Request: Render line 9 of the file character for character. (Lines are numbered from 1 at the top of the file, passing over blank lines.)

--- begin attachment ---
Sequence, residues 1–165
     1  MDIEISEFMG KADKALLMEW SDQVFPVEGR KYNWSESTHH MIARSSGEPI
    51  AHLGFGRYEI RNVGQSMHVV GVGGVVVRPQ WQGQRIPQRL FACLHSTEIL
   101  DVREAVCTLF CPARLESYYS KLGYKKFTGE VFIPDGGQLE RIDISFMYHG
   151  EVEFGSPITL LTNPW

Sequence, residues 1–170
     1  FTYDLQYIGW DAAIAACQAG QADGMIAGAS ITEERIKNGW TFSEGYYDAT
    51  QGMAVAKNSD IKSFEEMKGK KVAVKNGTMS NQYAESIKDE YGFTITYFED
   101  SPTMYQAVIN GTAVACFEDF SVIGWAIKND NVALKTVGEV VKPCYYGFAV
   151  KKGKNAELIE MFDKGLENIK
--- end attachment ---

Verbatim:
   101  SPTMYQAVIN GTAVACFEDF SVIGWAIKND NVALKTVGEV VKPCYYGFAV